Also seconding the use of a soft carrier. I cannot imagine holding a 23 pound baby for 10 hours, plus you can actually use your hands (yay carriers!). Our flight attendants were amazing and let me use the lap belt extender thinger (the belt you use for lap carry infants) in conjunction with the carrier. I just fed it through (between our bodies) and around his back, on the outside of the carrier. The belt held the baby just as it would even without the carrier. This is probably highly dependent on the flight attendant, but it's worth a shot. It honestly felt way more secure and safer that just the lap belt extender.

This tip might be controversial, but: baby got sick (a cold) at the airport pretty much as we boarded our flight from Chicago to London. It was not fun. He was crying and feverish. It was a red eye, but the cabin lights stayed bright for the first 3 hours of the flight. The baby needed dark and rocking to settle after I gave him tylenol for his fever. I posted up in one of the lavatories--slid the lock over enough for it to lock and look occupied from the outside, but not enough to trigger the bright lights inside. I was able to bounce/sing him to sleep (in the carrier) in a dark, no distractions area. I felt bad for occupying the toilet for 15+ minutes, but I figured that was better than him endlessly screaming. Anyway. Sliding lock trick in the case you are desperately needing a quiet, dark place.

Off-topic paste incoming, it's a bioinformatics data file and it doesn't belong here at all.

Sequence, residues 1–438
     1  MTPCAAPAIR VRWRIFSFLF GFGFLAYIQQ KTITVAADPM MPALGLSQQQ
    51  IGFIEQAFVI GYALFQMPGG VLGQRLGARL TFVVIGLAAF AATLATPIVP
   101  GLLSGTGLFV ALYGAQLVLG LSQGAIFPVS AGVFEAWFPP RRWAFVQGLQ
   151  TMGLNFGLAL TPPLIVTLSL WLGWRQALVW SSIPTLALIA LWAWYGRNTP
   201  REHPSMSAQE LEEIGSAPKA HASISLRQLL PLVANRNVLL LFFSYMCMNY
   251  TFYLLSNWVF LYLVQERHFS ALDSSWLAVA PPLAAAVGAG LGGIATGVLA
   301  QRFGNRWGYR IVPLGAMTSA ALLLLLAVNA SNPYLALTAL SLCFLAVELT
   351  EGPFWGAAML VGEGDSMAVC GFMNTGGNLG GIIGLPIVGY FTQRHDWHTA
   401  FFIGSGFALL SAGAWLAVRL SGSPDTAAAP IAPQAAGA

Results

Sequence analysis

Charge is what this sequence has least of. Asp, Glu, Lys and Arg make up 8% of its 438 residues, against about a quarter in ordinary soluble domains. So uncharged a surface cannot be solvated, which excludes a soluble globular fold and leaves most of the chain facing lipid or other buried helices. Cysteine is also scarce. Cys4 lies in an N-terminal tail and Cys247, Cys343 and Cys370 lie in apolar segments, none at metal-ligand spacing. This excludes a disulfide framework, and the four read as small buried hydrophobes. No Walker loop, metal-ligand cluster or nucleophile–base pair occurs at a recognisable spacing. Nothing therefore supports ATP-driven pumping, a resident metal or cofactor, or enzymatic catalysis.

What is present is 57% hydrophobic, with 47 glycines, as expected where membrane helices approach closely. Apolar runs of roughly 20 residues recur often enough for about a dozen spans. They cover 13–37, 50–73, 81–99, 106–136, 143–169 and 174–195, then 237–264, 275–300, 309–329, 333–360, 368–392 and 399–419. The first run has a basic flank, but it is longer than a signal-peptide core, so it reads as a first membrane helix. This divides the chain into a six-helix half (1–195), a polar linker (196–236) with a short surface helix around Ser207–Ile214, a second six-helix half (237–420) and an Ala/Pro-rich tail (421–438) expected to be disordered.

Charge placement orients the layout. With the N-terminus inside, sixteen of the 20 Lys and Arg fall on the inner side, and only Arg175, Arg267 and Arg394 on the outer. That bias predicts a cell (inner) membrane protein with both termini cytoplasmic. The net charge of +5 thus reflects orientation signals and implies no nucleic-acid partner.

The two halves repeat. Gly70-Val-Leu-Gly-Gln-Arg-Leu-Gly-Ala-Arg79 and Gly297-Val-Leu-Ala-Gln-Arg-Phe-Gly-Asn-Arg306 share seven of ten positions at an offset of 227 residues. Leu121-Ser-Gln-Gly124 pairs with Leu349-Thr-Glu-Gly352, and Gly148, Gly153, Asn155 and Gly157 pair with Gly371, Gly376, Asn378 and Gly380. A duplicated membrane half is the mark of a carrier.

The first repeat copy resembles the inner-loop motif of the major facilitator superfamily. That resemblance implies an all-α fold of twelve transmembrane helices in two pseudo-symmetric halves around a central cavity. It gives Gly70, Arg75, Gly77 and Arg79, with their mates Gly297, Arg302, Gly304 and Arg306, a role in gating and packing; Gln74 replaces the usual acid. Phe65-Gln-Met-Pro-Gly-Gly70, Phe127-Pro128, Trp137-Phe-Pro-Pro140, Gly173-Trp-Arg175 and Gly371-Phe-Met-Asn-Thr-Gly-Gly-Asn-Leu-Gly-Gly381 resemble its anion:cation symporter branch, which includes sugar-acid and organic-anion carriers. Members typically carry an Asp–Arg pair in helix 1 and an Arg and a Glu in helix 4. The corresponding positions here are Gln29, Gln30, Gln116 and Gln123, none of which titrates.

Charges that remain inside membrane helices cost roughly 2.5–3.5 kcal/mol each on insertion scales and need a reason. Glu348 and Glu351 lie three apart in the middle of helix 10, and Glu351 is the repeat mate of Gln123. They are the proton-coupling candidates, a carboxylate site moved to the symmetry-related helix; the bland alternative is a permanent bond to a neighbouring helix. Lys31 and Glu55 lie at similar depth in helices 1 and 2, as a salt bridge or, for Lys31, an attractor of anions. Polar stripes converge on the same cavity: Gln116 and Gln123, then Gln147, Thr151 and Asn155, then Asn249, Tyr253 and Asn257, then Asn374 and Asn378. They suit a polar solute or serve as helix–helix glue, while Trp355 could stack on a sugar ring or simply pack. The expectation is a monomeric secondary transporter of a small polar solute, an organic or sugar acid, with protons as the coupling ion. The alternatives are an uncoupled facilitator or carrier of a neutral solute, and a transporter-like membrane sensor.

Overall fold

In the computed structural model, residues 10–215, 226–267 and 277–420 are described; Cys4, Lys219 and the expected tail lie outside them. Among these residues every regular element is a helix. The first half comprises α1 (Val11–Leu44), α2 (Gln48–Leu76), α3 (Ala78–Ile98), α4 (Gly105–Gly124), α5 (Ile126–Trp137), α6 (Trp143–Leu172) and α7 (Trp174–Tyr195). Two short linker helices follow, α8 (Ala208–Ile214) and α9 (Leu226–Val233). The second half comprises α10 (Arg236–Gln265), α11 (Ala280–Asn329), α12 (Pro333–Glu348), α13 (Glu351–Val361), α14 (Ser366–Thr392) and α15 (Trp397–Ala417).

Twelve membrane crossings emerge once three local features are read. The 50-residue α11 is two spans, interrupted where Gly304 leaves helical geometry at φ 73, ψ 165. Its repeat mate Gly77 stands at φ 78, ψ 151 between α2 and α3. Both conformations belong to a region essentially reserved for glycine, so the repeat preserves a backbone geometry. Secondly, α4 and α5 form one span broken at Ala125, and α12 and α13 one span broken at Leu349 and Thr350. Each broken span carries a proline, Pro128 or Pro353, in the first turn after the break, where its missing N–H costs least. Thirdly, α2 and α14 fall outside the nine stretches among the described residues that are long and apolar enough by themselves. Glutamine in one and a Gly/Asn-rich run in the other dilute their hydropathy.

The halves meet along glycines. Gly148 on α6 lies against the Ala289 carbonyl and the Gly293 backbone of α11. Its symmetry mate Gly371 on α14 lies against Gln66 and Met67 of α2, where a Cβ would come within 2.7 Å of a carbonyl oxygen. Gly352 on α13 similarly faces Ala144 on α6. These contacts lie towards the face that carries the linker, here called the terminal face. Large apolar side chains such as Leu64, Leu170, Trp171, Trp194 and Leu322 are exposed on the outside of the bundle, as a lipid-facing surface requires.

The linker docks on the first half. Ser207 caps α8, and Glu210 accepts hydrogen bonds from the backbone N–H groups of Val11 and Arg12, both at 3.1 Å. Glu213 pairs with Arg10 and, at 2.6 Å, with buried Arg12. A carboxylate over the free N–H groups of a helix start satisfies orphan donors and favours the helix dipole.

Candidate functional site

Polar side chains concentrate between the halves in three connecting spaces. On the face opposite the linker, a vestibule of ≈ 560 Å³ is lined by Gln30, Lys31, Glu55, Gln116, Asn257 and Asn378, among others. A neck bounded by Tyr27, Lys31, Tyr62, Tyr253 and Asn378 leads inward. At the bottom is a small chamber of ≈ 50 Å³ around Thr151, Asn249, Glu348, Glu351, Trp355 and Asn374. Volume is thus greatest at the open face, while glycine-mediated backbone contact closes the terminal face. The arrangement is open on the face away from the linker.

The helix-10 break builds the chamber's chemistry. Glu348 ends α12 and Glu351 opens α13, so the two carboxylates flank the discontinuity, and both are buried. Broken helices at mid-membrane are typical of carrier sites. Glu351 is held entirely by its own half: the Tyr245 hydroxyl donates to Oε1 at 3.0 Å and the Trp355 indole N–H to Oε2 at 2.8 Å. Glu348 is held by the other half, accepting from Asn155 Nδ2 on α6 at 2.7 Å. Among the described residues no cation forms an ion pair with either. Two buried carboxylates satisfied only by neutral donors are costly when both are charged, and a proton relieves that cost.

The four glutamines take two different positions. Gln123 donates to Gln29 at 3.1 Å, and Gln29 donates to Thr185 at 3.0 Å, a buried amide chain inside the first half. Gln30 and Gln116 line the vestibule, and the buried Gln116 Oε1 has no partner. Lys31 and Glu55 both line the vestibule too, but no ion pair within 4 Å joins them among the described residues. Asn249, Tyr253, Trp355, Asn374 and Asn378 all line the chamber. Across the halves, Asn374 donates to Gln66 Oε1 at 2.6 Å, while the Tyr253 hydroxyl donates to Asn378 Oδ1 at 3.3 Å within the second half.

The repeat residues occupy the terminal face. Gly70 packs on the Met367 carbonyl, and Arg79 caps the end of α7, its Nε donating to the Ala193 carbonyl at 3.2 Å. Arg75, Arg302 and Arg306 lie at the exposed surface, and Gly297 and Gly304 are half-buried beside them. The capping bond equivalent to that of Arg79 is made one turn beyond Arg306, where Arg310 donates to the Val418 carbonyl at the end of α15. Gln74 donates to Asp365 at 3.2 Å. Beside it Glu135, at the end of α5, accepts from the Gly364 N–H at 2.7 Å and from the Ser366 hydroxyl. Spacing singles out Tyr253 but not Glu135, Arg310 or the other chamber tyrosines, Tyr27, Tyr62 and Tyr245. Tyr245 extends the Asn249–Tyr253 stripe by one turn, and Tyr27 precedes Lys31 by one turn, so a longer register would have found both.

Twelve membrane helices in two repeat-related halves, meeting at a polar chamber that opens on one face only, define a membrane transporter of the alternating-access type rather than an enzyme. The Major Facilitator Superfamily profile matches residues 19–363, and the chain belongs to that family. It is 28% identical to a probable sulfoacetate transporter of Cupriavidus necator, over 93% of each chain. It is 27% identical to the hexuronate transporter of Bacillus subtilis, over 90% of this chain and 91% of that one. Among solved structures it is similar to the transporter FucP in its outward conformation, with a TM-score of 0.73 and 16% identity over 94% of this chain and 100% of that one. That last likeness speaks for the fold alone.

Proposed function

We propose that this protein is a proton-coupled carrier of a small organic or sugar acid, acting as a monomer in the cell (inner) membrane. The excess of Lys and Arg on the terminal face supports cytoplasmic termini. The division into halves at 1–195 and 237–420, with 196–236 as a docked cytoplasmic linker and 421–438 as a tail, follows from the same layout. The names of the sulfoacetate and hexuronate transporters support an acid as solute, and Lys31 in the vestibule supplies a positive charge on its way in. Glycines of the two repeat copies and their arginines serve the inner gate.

Does your baby like to walk while you hold his hands? Ours wasn't walking on his own yet, but loved to walk if you held his hands. We did many-a-trip up and down the aisles. Passengers would always wave and "chat" with him. Maybe even a little tickle or other game. My baby is pretty social so he lurrrrrved that. And it definitely breaks up the monotony and expends some energy.

And all the other typical advice: iPad with games and ebooks, new toys, spare clothes for YOU as well as baby, plastic bags (for soiled clothes), baby medicine. Also, we swapped our normal messenger-style diaper bag for a backpack. This came in super handy for diaper changes in the tiny bathrooms. Also, we used the hell out of these food/snack dispensers: big small

Also, even during the sick flight with a screaming baby who surely annoyed people, every interaction I had with other passengers was so positive. Everyone was nice, accommodating, and totally understanding. I was pleasantly surprised and relieved.

Good luck! It'll be fine. :)
posted by bienbiensuper at 12:32 AM on July 6